Good tools make even the simplest chore enjoyable and often make the most difficult much easier. Whether it is ironing a shirt, sewing a garment, cutting a lawn, fixing a car, or chopping vegetables, well-made, quality tools are worth every investment in resources and time to seek them out. I am pretty much devoted to my beautiful and practical Japanese knives. I have had other knives over the years - of course - but I have valued none the way I value these.
There is an area in Tokyo called Kappabashi. Pretty much a bit of heaven for those who enjoy time in the kitchen and good food. It is the restaurant supply and kitchen wholesale area for the city. I truly believe that one can find and buy the best of anything the world offers in Tokyo - if you know where to look for it. And the place to look for the well-out-fitted kitchen is Kappabashi. After our first stint in Japan I had a few Japanese knives that I had bought in one supermarket or another. I liked them better than other knives I had used but I knew they were not really "quality" knives, so I determined to see what I could see when we moved to Tokyo a few years ago. I took along my trusty interpreter (David) and we rode the subway to Kappabashi for the adventure. You need to know that when David shops for something (anything really) he exhausts the possibilities. Accordingly we visited every knife shop and knife maker in the area. Every one. It took most of a day and we learned a lot. As Japanese knife makers are passionate about their work and product it was a really great day. We didn't buy anything that day but went home and considered what we had learned. To make a long-ish story shorter I decided that the knives I wanted were the Tojiro Flash knives.
At the outset I certainly was not looking for a "set" of knives. (I am more or less opposed to sets of anything - from furniture to jewellery.) And I had thought I wanted the unique hand-made traditional knives but chose the Tojiro Flash and have been so very happy with them every day for the last five years.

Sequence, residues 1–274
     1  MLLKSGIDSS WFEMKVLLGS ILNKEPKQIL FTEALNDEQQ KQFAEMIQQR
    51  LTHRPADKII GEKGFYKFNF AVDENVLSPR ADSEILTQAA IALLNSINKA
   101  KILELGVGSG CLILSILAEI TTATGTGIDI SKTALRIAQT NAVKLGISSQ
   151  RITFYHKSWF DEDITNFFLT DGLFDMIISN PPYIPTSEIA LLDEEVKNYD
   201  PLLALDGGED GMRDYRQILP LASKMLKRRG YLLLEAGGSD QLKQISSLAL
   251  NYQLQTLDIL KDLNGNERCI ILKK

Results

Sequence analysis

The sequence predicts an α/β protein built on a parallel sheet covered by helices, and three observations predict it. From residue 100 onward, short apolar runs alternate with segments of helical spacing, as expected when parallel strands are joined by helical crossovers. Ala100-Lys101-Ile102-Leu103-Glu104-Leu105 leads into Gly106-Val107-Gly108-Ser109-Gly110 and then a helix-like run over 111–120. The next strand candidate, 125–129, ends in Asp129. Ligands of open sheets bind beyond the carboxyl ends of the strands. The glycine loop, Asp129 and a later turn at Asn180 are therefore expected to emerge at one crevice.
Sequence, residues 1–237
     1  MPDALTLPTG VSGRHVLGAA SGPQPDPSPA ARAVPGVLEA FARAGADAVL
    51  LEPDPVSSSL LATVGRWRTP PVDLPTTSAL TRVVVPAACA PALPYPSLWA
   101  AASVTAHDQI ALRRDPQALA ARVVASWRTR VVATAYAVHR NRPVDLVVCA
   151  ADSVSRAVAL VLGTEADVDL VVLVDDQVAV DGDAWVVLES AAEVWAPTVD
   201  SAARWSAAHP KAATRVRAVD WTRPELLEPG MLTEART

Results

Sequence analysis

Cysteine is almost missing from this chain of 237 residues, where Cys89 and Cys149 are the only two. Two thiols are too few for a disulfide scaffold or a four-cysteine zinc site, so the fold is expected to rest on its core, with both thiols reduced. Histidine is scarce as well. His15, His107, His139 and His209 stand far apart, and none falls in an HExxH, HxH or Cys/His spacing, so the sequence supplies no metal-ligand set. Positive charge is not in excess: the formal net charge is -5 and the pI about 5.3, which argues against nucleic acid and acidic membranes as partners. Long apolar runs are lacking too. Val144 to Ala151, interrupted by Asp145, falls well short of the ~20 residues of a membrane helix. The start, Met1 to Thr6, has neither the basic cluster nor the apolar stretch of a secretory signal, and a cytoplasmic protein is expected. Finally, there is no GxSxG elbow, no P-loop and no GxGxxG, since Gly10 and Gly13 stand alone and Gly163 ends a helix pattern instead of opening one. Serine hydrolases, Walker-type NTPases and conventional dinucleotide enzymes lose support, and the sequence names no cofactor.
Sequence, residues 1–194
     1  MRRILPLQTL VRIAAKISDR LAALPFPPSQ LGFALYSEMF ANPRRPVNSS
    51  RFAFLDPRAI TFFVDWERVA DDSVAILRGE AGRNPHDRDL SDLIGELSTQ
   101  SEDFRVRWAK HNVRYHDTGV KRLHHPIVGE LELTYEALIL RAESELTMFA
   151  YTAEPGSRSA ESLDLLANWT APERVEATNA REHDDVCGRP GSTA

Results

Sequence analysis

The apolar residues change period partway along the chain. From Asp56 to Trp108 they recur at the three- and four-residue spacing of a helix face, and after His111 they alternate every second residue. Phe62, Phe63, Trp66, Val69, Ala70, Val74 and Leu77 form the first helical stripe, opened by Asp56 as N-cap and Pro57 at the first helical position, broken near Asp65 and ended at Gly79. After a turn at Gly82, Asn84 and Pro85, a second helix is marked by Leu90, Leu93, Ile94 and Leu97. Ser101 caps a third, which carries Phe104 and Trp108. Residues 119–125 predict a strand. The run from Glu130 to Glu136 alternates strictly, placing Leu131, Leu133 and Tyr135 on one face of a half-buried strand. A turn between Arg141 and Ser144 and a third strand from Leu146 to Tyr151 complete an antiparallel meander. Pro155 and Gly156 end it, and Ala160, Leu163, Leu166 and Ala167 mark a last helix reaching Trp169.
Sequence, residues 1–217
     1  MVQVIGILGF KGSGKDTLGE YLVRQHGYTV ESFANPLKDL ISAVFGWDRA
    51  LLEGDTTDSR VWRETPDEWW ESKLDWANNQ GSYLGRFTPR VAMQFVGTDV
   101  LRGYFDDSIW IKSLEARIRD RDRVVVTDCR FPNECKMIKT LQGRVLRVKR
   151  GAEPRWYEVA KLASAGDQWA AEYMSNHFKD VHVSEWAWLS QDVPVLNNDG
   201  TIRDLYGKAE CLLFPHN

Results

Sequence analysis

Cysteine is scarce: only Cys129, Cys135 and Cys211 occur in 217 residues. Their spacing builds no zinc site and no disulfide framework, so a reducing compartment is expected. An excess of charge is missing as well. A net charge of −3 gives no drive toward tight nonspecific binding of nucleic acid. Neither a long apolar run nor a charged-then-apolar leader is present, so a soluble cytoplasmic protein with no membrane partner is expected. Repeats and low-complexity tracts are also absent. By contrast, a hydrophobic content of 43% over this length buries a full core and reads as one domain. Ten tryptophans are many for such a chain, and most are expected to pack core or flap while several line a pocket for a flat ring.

These knives are made of Damascus steel - a technique that originated in ancient Damascus and was refined in Japan during samurai times. The blades in my knives are 63 layers of steel wrapped around an extremely hard core of VG-10 steel. This produces a blade that is incredibly hard but still flexible (holds an edge very well) and is beautiful as well. The wrapping and layering of the steel when ground results in a unique and beautiful surface that looks like moire silk - a work of art. The elegant handles are made of something called micarta (layers of resin and linen - how cool is that?), I love how they look and feel. They fit my hand very comfortably and add another aspect of beauty and craftmanship.
Being as hard a blade as they are, these are very very sharp knives and deserve to be treated with respect. I always hand wash mine and always, always use a good cutting board (either wood or Richlite - a paper and resin product). The down-side of the extreme hardness is that if one is careless the blades can chip. (Chips can be sharpened out by a pro.) That said, although I do treat mine with respect I don't give them the kid-glove routine and I have really no chips after five years of use.
I have two other Japanese knives that I would be loath to part with. One was quite pricey and the other only about 15.00. One is the traditional high-carbon steel blade that is sharpened on only one side. The other is who knows what? I use both regularly but not as often as I go to my Tojiro Flash. I have two identical TJ knives because I use and love the size and shape so much (and because I hate to ask anyone who might be cooking with me to use anything less.)
And that's my love song for my beautiful handmade knives. I do think they are so pretty.
P.S. Eden has a picture of Tiffany from the wedding up on her blog today. Just one but it is so perfect. Just in case you wanted to know.